BRIEF DESCRIPTION OF THE DRAWINGS

FIG. 1 is a schematic diagram of an electric dipole probe for measurement or control;

FIG. 2 is a perspective of one embodiment of the foregoing with a Schottky diode detector and iron oxide magnetic tape leads;

FIG. 3 shows another embodiment of the electric dipole probe with a point contact diode detector;

FIG. 4 is a schematic diagram of a magnetic loop detector for measurement or control;

FIG. 5 is an embodiment of the magnetic probe with a Schottky didoe and magnetic tape leads; and

FIG. 6 is a partial perspective of a microwave oven and a probe with leads passing through a hole in the oven liner.

DESCRIPTION OF THE PREFERRED EMBODIMENTS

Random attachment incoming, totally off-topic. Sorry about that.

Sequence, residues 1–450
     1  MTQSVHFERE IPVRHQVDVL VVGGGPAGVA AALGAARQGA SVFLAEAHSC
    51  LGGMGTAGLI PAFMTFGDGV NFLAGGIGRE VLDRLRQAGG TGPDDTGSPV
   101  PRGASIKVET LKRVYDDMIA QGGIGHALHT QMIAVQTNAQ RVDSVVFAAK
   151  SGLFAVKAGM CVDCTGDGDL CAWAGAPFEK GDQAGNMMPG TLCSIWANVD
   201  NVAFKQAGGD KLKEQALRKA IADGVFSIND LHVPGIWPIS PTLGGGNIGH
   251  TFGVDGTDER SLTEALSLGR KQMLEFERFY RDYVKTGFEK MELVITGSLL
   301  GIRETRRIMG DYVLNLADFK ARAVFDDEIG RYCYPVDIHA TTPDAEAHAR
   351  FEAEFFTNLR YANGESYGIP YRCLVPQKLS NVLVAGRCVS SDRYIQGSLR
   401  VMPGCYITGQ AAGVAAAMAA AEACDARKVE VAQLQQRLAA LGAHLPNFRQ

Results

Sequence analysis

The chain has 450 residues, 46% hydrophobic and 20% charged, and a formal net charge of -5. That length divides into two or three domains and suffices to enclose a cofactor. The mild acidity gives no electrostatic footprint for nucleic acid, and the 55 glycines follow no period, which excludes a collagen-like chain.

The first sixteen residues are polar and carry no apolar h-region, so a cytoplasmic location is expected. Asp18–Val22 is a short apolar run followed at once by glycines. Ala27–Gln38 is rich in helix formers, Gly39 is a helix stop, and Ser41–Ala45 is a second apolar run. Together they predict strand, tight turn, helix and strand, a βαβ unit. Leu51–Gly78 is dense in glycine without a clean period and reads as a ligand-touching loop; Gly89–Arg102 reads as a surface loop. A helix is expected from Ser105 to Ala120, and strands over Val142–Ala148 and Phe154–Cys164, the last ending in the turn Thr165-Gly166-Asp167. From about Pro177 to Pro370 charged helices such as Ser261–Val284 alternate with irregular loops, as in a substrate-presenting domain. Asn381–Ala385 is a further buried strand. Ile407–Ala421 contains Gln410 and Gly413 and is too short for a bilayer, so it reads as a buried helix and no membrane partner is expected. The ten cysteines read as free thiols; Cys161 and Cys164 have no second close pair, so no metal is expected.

Improved leads for probes in microwave fields and other electromagnetic radiation are made of electrically conducting iron oxide magnetic recording tape such as Scotch Brand Magnetic Tape No. 971 sold by Minnesota Mining and Manufacturing Company. This magnetic tape has a coating of contacting and aligned particles of γ-Fe2 O3, which is structurally like magnetite, and a polyethylene substrate having a melting point of 315° C. The particles are deposited as an iron oxide dust intimately mixed with a special lacquer and applied to the tape in a layer between 15 microns and 40 microns thick. A heat treatment is used at 250° C.-300° C. to convert the particles into γ-Fe2 O3 without changing the shape of the particles. The particles have a mean length of 1 micron and a width of 0.1 microns, and the final mean thickness of the magnetic material is 53 microns. Recent tapes with a magnetic layer of CRO2 are not suitable for leads because its Curie temperature is too low (130° C.), and although the CrO2 particles are more conducting than iron oxide, the particles on the tape do not make contact with each other so that the tape is nonconducting to electricity.